About 80 percent of coconut trees in Samoa are old, and there is an urgent need to replant if Samoa is to meet the growing global demand for locally produced copra products.
This was the concern raised recently by Ministry of Agriculture Assistant Chief Executive Officer (Crops Division), Moafanua Tolo Iosefo during the opening of the Coconut Industry Development for the Pacific (C.I.D.P.) train the trainers programme.
Moafanua told the Samoa Observer that over the past five years, figures revealed that local copra production was at a stage increasing, and in recent years it started to decline.
“That is the major concern. So in Samoa right now, the coconut production is declining,” he said.
With the global demand for coconut oil produced by Pacific Oil in Samoa, and virgin oil, Moafanua said there are hopes that with the current community-based replanting programme carried out by the Ministry, Samoa will be able to sustain its industry and exports in the future.
“By talking to them (Pacific Oil) about the production, looking at the volume we have, it’s not enough,” Moafanua said.
“The demand is growing and we cannot meet that, and it is one of the major concerns we have because most of our coconut products are just declining because majority of our coconuts are getting old. That is why we have the replanting programme.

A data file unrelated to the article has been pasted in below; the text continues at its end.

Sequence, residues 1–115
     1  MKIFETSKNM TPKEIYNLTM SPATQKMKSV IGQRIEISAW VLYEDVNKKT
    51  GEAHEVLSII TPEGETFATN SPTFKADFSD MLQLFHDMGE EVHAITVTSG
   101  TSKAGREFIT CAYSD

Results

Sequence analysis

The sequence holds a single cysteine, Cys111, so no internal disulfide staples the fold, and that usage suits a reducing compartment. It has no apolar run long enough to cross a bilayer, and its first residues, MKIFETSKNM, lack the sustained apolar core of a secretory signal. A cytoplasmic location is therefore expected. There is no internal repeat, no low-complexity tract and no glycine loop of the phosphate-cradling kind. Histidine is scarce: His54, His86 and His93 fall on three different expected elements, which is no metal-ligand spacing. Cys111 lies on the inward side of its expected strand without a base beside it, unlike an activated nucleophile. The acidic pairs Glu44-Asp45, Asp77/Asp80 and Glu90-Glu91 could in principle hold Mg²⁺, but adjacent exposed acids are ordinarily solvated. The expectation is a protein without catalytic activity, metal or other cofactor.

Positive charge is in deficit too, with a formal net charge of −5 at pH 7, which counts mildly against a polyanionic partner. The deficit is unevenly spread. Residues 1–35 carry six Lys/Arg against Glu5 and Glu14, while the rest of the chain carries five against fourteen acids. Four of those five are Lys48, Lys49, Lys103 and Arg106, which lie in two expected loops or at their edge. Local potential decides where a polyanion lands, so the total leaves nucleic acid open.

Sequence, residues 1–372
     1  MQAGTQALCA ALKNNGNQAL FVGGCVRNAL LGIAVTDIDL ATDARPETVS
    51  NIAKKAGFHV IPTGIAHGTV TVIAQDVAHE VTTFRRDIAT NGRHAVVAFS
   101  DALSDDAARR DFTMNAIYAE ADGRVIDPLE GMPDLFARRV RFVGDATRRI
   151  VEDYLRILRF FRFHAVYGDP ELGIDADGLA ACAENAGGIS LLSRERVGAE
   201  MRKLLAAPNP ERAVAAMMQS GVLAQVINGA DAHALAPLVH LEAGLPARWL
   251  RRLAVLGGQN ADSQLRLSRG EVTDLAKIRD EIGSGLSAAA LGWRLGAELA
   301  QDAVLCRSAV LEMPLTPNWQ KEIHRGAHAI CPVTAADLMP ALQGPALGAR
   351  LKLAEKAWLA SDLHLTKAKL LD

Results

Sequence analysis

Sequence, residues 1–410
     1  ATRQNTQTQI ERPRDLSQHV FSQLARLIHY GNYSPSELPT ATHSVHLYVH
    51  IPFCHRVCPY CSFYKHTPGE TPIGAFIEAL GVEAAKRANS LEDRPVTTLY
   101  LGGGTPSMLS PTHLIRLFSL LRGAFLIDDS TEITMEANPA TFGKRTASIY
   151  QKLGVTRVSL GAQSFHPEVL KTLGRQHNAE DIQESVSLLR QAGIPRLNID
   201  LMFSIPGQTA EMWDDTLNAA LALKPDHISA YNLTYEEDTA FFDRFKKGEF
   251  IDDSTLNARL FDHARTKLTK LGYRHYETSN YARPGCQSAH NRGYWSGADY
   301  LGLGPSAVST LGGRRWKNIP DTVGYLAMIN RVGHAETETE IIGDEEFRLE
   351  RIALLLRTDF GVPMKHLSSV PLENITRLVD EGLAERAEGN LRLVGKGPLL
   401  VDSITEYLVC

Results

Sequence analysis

“So for Samoa, it looks like there’s a bright future in the coconut industry in terms of exports – oil and other products, but that is the main concern; we don’t have enough production locally to meet the global demand.”
Moafanua said in the next five years, the Ministry hopes to replant about 80-90 percent of the whole coconut plantations, and the Government is committed to sustaining the industry through financial assistance.
“Hopefully in the next 10 years, production will improve and we would be able to meet the demands of the global market.
“We hope that everybody works together, and with the programme we have with replanting, we are working with more than 60 villages in Savaii and more than 30 villages in Upolu. The Ministry set up a mother nursery and we have an agreement, we supply 2,000-5000 seedlings every month so they can distribute, so maybe over five-year period, we will be able to cover as much as possible, maybe about 90 percent of the whole coconut plantations.”
Moafanua said the current price of coconut products in the global market is fair, and the local coconut industry is able to economically sustain itself with the revenue.
The C.I.D.P. train the trainers programme, which focuses on pest and disease management on coconut plantations continues at the Tanoa Tusitala Hotel.